Here I am, a seven hour flight to Frankfurt, not too bad by overseas flight standards. Over four hours in, I have watched no movies or TV (yet), though I plan to. Whike children watched TV and explored, here is what I did:

- got in and settled with a drink, sipping slowly and answering my children's excited questions, helping them get settled and find their headphones and stuff
- exercises - eyes and in-seat yoga and breathing and abs sitting up and stretches
- mindful walk to and from bathroom
- ate a lunch silently complete with champagne and tea while daughter ate hers and I fed her
- wrote three blog posts and sent four emails and took a photo and sent an ecard
- gratitude and journaling
- compassion and lovingkindness practice
- read a full magazine article about climate change and today's page in Simple Abundance
- did some brain teaser games
- filled out some calendars for July and August
- said some Sanskrit prayers
- sang to myself
- drawing for fun
- got kids some extra snacks and vitamins from bags
- watched the flight route
- meditation for 40 minutes

It has been a lovely trip, and I might never have thought plane travel without a good book or show possible otherwise. Of course I am lucky the children aren't having tantrums or crying, that I have let them watch as much as they want, eat when they want, sleep or not - they are old enough to mostly occupy themselves.  Flights when my children were younger were horribly tough, but sweet in different ways (ok, sometimes only in retrospect).

My daughter is napping now as the lights are off! I think I will watch something uplifting, then rest, too.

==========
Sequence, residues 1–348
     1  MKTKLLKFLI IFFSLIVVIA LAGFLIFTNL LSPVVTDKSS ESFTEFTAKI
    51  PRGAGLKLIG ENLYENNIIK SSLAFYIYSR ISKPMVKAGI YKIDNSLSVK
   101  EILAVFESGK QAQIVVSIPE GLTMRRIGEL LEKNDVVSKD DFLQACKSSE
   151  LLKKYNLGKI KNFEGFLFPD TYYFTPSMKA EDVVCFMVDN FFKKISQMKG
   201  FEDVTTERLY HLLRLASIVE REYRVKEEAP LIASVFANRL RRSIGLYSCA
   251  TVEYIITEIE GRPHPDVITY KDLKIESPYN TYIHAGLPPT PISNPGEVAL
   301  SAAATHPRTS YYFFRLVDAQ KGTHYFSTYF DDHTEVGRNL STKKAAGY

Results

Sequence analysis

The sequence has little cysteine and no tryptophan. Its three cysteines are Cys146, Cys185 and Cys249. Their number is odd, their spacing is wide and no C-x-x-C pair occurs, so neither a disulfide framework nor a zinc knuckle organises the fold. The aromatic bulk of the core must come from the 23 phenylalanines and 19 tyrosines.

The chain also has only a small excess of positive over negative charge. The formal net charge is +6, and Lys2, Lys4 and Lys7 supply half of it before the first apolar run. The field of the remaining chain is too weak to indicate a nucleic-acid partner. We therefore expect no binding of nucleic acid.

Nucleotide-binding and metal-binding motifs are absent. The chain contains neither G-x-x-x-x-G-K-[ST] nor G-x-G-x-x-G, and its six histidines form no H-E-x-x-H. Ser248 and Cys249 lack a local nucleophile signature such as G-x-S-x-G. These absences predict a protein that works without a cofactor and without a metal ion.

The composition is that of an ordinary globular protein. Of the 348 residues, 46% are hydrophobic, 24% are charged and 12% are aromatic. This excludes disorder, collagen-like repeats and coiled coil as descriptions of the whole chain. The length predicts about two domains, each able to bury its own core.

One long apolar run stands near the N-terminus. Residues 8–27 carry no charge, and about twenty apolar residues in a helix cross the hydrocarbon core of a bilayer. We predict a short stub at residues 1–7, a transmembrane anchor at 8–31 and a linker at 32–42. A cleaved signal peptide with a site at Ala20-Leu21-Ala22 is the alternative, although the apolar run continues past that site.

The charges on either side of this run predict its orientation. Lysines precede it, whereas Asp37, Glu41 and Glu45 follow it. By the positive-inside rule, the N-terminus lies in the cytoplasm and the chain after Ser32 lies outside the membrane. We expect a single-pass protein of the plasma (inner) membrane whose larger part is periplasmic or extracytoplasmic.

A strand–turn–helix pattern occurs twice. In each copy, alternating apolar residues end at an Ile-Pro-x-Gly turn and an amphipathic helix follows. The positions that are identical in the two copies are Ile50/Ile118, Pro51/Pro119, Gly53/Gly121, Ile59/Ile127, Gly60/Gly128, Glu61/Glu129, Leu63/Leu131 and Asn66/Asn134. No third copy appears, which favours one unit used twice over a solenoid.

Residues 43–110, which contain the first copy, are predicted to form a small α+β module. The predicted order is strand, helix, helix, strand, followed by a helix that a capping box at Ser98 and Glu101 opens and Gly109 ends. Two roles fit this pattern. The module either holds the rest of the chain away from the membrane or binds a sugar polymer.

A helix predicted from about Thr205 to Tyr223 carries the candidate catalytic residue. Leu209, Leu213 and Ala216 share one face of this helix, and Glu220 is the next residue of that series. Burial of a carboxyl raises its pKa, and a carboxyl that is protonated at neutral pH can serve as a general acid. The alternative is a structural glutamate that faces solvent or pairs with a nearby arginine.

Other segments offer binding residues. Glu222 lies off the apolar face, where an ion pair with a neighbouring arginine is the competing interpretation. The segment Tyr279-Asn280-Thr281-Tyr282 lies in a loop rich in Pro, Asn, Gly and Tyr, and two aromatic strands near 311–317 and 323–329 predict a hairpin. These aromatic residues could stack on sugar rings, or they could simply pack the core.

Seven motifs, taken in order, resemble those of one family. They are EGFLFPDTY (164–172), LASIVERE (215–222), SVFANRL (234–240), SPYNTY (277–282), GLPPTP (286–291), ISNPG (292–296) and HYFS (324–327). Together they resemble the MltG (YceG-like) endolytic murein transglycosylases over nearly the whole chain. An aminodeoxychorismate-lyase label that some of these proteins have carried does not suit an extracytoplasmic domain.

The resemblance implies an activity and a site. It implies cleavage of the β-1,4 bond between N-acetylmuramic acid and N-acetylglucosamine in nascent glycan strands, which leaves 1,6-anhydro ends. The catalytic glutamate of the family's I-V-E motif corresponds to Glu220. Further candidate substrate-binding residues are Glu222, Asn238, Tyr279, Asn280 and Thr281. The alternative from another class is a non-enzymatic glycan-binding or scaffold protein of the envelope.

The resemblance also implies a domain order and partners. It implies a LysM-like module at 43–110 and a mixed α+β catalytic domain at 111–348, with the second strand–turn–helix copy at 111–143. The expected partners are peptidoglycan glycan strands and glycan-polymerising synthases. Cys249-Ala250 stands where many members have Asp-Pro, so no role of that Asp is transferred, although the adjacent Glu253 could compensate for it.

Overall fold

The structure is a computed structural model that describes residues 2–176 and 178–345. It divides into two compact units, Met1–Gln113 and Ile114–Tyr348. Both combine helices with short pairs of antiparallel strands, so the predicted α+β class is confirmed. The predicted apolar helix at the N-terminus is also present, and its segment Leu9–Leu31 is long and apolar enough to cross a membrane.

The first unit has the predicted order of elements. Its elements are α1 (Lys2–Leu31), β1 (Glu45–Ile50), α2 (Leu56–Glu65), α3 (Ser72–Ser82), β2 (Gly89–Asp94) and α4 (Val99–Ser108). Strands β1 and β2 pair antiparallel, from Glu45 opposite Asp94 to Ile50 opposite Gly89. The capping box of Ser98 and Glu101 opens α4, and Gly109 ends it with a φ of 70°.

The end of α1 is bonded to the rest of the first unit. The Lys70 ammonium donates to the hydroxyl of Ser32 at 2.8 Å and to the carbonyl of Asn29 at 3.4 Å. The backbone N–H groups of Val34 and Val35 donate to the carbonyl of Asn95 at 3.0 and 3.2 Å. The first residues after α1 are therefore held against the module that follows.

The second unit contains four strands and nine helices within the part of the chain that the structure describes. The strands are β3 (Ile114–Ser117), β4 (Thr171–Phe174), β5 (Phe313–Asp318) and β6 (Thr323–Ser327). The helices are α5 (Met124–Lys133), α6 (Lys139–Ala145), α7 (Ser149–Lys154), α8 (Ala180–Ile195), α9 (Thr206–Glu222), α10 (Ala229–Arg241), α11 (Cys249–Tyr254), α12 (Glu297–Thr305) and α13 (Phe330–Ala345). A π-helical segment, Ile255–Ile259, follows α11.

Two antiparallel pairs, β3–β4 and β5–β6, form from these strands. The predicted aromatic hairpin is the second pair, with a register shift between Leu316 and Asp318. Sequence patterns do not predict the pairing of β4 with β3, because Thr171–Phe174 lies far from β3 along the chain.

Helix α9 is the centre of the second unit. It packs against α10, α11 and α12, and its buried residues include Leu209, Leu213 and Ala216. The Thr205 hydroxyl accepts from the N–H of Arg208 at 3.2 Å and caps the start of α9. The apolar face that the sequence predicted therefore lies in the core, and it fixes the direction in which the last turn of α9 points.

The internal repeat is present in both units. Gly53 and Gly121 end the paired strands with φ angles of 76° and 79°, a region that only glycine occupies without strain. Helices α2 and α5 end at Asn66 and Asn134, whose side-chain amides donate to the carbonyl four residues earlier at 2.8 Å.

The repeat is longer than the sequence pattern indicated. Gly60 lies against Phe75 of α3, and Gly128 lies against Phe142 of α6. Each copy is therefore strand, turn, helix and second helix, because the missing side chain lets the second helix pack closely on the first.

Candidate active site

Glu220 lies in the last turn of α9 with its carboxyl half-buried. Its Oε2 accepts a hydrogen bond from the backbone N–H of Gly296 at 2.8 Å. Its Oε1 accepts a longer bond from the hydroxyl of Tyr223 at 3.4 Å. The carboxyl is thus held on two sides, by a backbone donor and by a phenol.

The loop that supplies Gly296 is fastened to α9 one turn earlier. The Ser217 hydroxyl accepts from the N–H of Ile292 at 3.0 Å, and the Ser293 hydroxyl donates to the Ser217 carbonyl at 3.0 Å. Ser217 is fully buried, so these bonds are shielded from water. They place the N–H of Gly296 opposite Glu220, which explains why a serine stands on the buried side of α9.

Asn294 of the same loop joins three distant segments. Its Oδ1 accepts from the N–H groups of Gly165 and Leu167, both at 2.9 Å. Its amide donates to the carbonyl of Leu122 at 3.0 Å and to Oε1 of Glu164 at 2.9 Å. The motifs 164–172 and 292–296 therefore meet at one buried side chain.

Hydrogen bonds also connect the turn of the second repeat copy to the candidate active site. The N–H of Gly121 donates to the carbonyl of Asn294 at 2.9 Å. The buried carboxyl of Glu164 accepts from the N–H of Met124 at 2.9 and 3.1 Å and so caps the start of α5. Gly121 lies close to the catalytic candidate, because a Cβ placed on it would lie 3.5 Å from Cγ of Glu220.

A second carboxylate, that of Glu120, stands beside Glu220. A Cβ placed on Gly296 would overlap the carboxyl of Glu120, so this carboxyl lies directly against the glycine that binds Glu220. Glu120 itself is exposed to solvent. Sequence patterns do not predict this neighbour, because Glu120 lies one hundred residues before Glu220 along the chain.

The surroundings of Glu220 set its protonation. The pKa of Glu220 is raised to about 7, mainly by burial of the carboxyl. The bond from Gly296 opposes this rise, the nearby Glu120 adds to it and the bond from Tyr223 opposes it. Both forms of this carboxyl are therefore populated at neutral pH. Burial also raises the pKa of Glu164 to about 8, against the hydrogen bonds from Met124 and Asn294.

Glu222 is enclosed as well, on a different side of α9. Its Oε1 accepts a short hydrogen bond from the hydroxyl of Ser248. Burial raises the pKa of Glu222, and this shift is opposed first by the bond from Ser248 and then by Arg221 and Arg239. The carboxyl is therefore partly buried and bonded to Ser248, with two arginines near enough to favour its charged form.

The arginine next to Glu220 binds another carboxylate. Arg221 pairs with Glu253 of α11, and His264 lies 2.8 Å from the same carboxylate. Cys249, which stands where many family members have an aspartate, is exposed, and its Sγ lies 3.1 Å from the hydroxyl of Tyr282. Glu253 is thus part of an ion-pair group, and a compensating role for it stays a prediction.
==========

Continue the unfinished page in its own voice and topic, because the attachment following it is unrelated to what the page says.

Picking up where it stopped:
Saturday, June 04, 2016

Mindfulness, green, and children

If I were to rename this blog, I would call it Green Mom Sangha, because those three cover the things I am most passionate about and interested in and love - being sustainable in everyday life, sharing and being with my kids, and mindfulness, to which I have devoted more time lately.

There are many, many books, blogs and other materials available to those who wish to bring mindfulness to parenting, and likewise being mindfully green is an emerging, growing area. Still, if you want to be green AND mindful with your kids, you have only a few small choices, and not necessarily instructions. So...I hope to fill this gap with a few posts. Please let me know if this is useful to you!

I'll start with getting outside. Fresh air helps children appreciate nature to want to take care of it, and a view of trees is calming, giving oxygen. From the point of view of mindfulness it gives us a lesson in interconnectedness and impermanence, as trees grow, leaves fall, flowers bloom and wilt, then compost below to give new life.

A simple way with little ones is to go for a walk. A stroller for the younger ones is fine. They may have food and drink but avoid other distractions for yourself and them. Put away the phone. Take out the earbuds. Carry a single bag to pick up trash along the way.

Stroller and walking meditation

Walk - slowly and deliberately. Feel the ground beneath your feet, the handles in your hands, the flex of your toes.

Notice the breeze on your face, the ground before you. Each step is a lift, a movement, a careful placing of your foot. Bring your attention to your breath - in and out.

When your child needs your attention, stop the stroller. Go to her kindly, and help silently, with a gentle smile. If she is screaming, console her as long as she needs. If he wants to go back, turn around. If they want to examine rocks, let them. If they ask a question, answer. If you or they see trash, pick it up.  If you see something beautiful you want to share, stop and share it. This is the moment.

When your are stopped, breathe. Slow your walking. Focus on the in and out of the breath. You may wish to count your steps or your breaths.

When thoughts arise, stop to return your focus to the breath, or slow down. You are here, now, in the ground under your feet. You are solid. You are all together, and free.